Hydraulic fracturing is a technique used to allow oil and natural gas to move more freely from the rock pores where they are trapped to a producing well that can bring them to the surface. The technology was developed in the late 1940s and has been continuously improved and applied since that time. The process of hydraulic fracturing plays a major role in the development of virtually all unconventional oil and natural gas resources.
Please visit www.fracfocus.org for additional information regarding hydraulic fracturing.
Hydraulic fracturing is regulated by the states. IOGCC member states each have comprehensive laws and regulations to provide for safe operations and to protect drinking water sources, and have trained personnel to effectively regulate oil and gas exploration and production.
On March 5, 2009, the IOGCC hosted two briefings on Capitol Hill to explain state regulation of oil and natural gas. The presentation included an explanation of hydraulic fracturing and how existing state regulations prevent contamination of drinking water resources during hydraulic fracturing operations.
Is Hydraulic Fracturing Safe?
In 2004, the U.S. Environmental Protection Agency completed a study of the environmental risks associated with the hydraulic fracturing of coal bed methane wells. The EPA concluded that the injection of hydraulic fracturing fluids poses little or no threat to underground sources of drinking water.
Although thousands of wells are fractured annually, the EPA did not find a single incident of the contamination of drinking water wells by hydraulic fracturing fluid injection. Additionally, IOGCC member states have all stated that there have been no cases where hydraulic fracturing has been verified to have contaminated drinking water.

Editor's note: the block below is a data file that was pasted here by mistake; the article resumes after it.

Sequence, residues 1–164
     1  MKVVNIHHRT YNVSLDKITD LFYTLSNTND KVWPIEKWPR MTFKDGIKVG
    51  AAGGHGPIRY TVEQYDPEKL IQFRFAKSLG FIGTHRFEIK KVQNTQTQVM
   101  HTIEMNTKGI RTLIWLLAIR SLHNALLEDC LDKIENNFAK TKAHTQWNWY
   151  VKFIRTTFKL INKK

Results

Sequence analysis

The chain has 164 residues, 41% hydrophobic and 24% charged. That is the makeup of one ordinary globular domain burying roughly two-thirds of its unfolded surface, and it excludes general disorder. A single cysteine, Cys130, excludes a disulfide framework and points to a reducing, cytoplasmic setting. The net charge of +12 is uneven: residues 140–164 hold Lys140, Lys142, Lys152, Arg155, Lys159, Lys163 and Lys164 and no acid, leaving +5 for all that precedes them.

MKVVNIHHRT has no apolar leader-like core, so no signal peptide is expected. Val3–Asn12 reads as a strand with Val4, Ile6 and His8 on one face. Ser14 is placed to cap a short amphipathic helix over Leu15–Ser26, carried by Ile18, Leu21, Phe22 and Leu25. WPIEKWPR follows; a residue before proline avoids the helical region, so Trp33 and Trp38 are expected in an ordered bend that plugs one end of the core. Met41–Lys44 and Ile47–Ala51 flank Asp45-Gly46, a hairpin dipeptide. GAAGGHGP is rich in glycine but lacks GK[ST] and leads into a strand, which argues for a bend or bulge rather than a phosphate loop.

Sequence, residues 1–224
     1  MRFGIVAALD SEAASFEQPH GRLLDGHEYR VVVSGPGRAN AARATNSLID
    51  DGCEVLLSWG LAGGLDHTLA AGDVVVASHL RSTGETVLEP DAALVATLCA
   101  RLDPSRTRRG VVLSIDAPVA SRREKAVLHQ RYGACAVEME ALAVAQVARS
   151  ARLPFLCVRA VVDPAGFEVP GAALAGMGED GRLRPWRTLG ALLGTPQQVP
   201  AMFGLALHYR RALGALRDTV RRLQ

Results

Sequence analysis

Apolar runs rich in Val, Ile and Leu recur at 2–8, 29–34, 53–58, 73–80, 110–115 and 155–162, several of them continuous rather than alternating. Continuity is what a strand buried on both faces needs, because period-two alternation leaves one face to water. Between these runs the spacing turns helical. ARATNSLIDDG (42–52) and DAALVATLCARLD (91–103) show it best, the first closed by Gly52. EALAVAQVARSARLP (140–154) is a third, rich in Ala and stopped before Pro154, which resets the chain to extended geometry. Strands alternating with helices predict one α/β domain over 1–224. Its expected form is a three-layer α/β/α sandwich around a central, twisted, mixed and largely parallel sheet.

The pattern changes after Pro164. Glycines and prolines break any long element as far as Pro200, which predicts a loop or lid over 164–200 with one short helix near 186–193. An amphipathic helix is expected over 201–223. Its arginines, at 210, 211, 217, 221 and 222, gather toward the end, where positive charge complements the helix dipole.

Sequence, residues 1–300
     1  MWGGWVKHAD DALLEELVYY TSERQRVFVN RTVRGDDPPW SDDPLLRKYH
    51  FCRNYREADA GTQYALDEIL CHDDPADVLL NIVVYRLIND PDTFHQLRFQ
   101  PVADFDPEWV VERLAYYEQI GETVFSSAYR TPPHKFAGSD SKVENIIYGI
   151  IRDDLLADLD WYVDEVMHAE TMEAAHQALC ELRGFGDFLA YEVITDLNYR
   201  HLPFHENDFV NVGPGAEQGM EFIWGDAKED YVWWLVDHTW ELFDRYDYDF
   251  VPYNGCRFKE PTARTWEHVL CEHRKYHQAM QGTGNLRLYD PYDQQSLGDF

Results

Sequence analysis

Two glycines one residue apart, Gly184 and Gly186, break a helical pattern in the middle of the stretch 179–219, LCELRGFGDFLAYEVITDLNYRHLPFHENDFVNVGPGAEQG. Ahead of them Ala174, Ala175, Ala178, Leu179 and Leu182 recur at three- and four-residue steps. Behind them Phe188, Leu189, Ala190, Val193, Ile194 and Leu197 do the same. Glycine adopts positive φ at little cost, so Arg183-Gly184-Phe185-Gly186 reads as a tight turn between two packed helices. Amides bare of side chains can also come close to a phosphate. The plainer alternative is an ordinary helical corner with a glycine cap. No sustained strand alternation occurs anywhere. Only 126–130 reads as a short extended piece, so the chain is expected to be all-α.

The Energy Policy Act of 2005 (EPACT), section 322, amended the Safe Drinking Water Act (SDWA) to change the definition of "underground injection" to exclude "the underground injection of fluids or propping agents (other than diesel fuels) pursuant to hydraulic fracturing operations. The amendment exempted hydraulic fracturing from federal law and gave jurisdiction and authority over hydraulic fracturing operations to the states.
Bills were introduced into the House and Senate in June of 2009 to repeal this exemption and place the regulatory jurisdiction in the hands of the federal government.
The IOGCC passed a resolution in December of 2008 urging Congress to refrain from taking such action maintaining that SDWA was never intended to grant the federal government authority to regulate oil and gas drilling operations and production operations, such as hydraulic fracturing, under the Underground Injection Control Program. Since that time, several states have followed suit and filed their own resolutions including Alabama, Louisiana, North Dakota, Oklahoma, Utah and Wyoming.
"As the head regulator of oil and natural gas development in the state of North Dakota and an officer of the IOGCC representing all oil and natural gas producing state regulators, I can assure you that we have no higher priority than the protection of our states' water resources," said Lynn Helms, director of North Dakota's Department of Mineral Resources in a House Energy and Mineral Resources Subcommittee hearing in June of 2009. "It is my firmly held view and that of the IOGCC that the subject of hydraulic fracturing is adequately regulated by the states and needs no further study."